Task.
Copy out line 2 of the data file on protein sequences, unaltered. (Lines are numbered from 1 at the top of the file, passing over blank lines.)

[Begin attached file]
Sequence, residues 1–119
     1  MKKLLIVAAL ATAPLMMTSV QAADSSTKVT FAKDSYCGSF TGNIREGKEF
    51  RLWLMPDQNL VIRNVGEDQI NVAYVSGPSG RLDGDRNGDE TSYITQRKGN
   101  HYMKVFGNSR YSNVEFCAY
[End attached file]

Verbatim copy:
     1  MKKLLIVAAL ATAPLMMTSV QAADSSTKVT FAKDSYCGSF TGNIREGKEF